What are these spirits and how do they help?
Generally speaking, the helping and compassionate spirits of NOR can take many forms. Throughout history, they have been seen as the gods of mythology, the primal forces and varied faces of the natural world, one’s ancestors and any other personalized interpretations of the divine. Again, it is the shaman’s relationship with his spirits and the subsequent results that will determine his status as an effective healer.
Specifically, the shaman heals by going into trance, entering NOR and working in relationship with spirit to bring back lost power, to return fragmented pieces of soul and to remove or sever the connection with any harmful spiritual intrusions on behalf of an individual, a group or a specific place.
In addition, he may return “merged” with these helping and compassionate spirits to continue healing here in OR. This is not a form of possession, rather the shaman remains in complete control of his physical faculties while still in trance, and during this time he invites the power of his helping spirit to perform healing activities through the conduit of his own body. One example of how this can work in a modern acupuncture treatment is to merge with a spirit such as Quan Yin or the Healing Buddha before needling.
Why is there not more information on this in the modern Chinese medical literature?
We do see glimpses of these treatments in the common TOM literature, although it is very limited and often incomplete with the Ghost Points and Possession being two examples. We must keep in mind that there is a very good reason for this, and unfortunately it is the same reason found again and again throughout the world’s history. Having one’s own connection to the divine undermines the social, religious and economic authority that has been, and is still, used to keep the general public “in line”. Techniques such as drumming, dancing and public ritual calls attention to oneself and harsh persecution has forced this way of life into hiding. Despite this, we can still find this knowledge when we look at certain forms of Qi Gong, the Yi Ching, Chinese astrology, animal style Kung Fu (another example of merging) and also if we interpret acupuncture point names and treatment protocols with their intended metaphoric intentions.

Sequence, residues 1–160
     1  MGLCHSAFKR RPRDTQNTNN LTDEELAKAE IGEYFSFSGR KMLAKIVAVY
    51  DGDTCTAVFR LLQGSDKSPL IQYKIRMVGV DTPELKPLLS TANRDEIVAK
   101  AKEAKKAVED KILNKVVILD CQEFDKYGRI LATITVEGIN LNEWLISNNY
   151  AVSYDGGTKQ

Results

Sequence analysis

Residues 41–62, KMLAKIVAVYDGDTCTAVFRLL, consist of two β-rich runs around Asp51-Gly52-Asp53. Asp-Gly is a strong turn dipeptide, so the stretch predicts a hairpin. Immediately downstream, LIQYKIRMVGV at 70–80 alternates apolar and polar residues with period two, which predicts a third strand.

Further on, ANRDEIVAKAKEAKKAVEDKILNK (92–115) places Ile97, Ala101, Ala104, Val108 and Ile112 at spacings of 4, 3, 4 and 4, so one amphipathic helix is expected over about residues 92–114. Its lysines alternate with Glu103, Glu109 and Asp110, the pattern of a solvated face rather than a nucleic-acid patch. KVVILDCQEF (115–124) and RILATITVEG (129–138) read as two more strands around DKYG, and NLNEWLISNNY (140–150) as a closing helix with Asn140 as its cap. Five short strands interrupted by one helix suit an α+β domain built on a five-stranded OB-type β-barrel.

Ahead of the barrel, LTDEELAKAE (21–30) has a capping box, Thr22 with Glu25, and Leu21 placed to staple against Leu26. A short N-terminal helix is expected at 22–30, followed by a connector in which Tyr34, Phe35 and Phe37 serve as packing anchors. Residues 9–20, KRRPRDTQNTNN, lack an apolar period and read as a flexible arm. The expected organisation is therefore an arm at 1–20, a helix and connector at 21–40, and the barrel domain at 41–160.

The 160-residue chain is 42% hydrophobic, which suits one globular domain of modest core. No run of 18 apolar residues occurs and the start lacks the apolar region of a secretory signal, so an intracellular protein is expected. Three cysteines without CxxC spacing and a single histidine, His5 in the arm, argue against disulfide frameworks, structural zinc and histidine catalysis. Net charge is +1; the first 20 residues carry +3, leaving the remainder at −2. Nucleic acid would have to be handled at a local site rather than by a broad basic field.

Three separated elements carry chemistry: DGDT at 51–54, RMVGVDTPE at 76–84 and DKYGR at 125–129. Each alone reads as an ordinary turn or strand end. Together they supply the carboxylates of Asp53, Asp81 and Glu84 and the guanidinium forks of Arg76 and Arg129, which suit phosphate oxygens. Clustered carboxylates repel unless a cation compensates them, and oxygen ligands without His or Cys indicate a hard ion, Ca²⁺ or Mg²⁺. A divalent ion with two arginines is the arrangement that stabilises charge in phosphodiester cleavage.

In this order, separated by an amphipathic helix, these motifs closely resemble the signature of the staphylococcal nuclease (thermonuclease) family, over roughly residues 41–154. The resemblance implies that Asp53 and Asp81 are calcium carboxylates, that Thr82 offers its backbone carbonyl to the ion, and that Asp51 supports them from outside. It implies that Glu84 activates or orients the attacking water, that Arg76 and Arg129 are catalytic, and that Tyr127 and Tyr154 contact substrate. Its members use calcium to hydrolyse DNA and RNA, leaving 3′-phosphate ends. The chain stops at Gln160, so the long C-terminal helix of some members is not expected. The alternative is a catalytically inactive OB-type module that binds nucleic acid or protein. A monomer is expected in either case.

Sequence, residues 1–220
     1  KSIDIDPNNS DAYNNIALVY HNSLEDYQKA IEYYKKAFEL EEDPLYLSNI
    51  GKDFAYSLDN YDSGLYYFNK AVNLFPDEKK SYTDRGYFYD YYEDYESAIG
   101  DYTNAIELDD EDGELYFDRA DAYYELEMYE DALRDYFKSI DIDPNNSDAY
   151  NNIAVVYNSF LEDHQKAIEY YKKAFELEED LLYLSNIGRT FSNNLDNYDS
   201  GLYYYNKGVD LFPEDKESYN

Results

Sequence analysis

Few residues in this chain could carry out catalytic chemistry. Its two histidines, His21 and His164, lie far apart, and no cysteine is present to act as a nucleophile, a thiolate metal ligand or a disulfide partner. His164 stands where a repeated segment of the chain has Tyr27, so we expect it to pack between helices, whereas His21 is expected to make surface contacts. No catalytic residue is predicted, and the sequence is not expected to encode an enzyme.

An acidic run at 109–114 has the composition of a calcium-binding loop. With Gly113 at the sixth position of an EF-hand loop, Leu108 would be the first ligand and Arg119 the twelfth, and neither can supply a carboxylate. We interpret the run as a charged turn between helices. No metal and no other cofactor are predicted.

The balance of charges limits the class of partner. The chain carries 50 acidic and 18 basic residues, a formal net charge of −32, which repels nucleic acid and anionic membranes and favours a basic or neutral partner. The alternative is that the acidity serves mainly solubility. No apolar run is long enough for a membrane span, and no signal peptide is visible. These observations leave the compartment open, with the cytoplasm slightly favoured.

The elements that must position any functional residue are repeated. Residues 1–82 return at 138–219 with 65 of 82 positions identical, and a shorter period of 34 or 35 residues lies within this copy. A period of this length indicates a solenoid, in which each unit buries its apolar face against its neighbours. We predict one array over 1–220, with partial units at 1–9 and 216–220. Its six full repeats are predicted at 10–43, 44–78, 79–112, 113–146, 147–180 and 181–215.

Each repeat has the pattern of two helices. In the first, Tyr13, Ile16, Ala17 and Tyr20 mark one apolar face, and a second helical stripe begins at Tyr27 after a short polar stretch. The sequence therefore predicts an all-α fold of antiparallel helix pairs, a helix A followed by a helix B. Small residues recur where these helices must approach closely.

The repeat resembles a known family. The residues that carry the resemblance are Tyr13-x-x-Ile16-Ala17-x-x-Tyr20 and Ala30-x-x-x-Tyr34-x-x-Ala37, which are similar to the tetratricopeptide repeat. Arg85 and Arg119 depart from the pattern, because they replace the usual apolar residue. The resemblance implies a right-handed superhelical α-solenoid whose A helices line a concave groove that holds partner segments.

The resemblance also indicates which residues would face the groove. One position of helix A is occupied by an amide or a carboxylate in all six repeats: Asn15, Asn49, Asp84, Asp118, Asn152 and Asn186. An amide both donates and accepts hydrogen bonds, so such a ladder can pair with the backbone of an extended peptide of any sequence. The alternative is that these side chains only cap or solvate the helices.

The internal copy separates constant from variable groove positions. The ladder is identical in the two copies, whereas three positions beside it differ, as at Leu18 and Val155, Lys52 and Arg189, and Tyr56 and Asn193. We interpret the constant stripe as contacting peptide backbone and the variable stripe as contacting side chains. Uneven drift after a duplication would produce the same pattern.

These ancient experiential concepts that TOM is founded upon are not lost; indeed, they are surfacing once again so that we may re-establish relationships with spirit. Once this is done, bridges that carry all forms of healing Qi back and forth from the body to the mind and to the spirit can be constructed and accessed to create balance and harmony from Heaven to Man to Earth.
Eliade, 1964: p.3
Eliade, 1964: p.5
Harner, 1980: p.25
Eliade, 1964: p.5
Eliade, 1964: p.270
Eliade, M. (1972). Shamanism: Archaic Techniques of Ecstasy. (W.R.Trask, Trans.) Princeton, NJ: Princeton University Press. (Original work published 1964)
Harner, M. (1982). The Way of the Shaman, A Guide to Power and Healing (2nd ed.)
New York: Bantam Books, Inc. (Original work published 1980)
Randal Lyons is an Acupuncture Physician licensed in Florida and California. He maintains a successful private practice in Palm Beach County, Florida, is a consultant for several in-patient addiction treatment facilities, and is author of the new book, “Opening the Eyes of the Heart”.
He is a graduate of the Foundation for Shamanic Studies’ 3 Year Program in Advanced Shamanism and Shamanic Healing and incorporates indigenous healing techniques into his practice.
He can be reached at:
Seven Dragons Holistic Health Care, LLC
6615 W. Boynton Beach Blvd. 354
Boynton Beach, Fl 33437
The concept of Mother Earth arose centuries later in Greece. In the 7th century BCE, the poet Hesiod gave the “deep-breasted” earth mother the name Gaea, she who “gave birth” to the sky, sea, and mountains, as well as the ruling gods called the Titans.